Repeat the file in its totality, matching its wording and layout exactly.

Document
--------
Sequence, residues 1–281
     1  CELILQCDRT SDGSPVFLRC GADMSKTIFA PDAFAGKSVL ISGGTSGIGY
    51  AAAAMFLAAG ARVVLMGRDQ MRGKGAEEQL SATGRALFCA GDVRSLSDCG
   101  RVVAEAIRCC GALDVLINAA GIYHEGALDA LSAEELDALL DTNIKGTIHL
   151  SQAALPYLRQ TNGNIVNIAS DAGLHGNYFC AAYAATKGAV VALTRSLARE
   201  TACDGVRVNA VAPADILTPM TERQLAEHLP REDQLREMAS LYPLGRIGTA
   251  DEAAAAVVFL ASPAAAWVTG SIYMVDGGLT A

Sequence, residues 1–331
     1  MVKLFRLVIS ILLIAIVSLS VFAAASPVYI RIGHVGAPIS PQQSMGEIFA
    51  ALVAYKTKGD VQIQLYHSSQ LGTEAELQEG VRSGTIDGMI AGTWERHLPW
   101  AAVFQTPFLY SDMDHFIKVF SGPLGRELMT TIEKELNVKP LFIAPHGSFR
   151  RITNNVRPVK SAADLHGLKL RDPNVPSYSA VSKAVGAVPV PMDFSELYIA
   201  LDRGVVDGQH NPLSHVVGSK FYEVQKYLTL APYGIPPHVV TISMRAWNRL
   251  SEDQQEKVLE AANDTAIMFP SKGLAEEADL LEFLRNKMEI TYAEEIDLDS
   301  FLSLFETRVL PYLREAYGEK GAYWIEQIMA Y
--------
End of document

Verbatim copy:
Sequence, residues 1–281
     1  CELILQCDRT SDGSPVFLRC GADMSKTIFA PDAFAGKSVL ISGGTSGIGY
    51  AAAAMFLAAG ARVVLMGRDQ MRGKGAEEQL SATGRALFCA GDVRSLSDCG
   101  RVVAEAIRCC GALDVLINAA GIYHEGALDA LSAEELDALL DTNIKGTIHL
   151  SQAALPYLRQ TNGNIVNIAS DAGLHGNYFC AAYAATKGAV VALTRSLARE
   201  TACDGVRVNA VAPADILTPM TERQLAEHLP REDQLREMAS LYPLGRIGTA
   251  DEAAAAVVFL ASPAAAWVTG SIYMVDGGLT A

Sequence, residues 1–331
     1  MVKLFRLVIS ILLIAIVSLS VFAAASPVYI RIGHVGAPIS PQQSMGEIFA
    51  ALVAYKTKGD VQIQLYHSSQ LGTEAELQEG VRSGTIDGMI AGTWERHLPW
   101  AAVFQTPFLY SDMDHFIKVF SGPLGRELMT TIEKELNVKP LFIAPHGSFR
   151  RITNNVRPVK SAADLHGLKL RDPNVPSYSA VSKAVGAVPV PMDFSELYIA
   201  LDRGVVDGQH NPLSHVVGSK FYEVQKYLTL APYGIPPHVV TISMRAWNRL
   251  SEDQQEKVLE AANDTAIMFP SKGLAEEADL LEFLRNKMEI TYAEEIDLDS
   301  FLSLFETRVL PYLREAYGEK GAYWIEQIMA Y